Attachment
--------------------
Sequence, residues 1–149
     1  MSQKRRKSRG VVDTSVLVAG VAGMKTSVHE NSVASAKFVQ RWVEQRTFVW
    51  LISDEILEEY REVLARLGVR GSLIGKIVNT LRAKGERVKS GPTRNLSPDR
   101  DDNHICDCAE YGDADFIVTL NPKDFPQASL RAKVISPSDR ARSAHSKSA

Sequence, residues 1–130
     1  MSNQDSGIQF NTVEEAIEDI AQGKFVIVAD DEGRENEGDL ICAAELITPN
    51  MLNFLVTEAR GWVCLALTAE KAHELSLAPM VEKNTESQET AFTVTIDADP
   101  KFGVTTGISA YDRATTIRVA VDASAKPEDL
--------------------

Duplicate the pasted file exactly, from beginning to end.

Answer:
Sequence, residues 1–149
     1  MSQKRRKSRG VVDTSVLVAG VAGMKTSVHE NSVASAKFVQ RWVEQRTFVW
    51  LISDEILEEY REVLARLGVR GSLIGKIVNT LRAKGERVKS GPTRNLSPDR
   101  DDNHICDCAE YGDADFIVTL NPKDFPQASL RAKVISPSDR ARSAHSKSA

Sequence, residues 1–130
     1  MSNQDSGIQF NTVEEAIEDI AQGKFVIVAD DEGRENEGDL ICAAELITPN
    51  MLNFLVTEAR GWVCLALTAE KAHELSLAPM VEKNTESQET AFTVTIDADP
   101  KFGVTTGISA YDRATTIRVA VDASAKPEDL